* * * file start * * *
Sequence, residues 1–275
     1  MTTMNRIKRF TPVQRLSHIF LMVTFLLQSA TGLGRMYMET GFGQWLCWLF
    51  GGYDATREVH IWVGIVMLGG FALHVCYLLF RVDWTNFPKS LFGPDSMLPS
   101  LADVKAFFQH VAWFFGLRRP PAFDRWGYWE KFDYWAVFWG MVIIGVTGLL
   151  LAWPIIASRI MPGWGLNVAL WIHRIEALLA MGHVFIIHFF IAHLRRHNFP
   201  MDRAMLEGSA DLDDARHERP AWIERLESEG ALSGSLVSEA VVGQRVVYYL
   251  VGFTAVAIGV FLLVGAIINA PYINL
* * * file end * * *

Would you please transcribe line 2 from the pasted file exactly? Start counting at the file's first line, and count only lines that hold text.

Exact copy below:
     1  MTTMNRIKRF TPVQRLSHIF LMVTFLLQSA TGLGRMYMET GFGQWLCWLF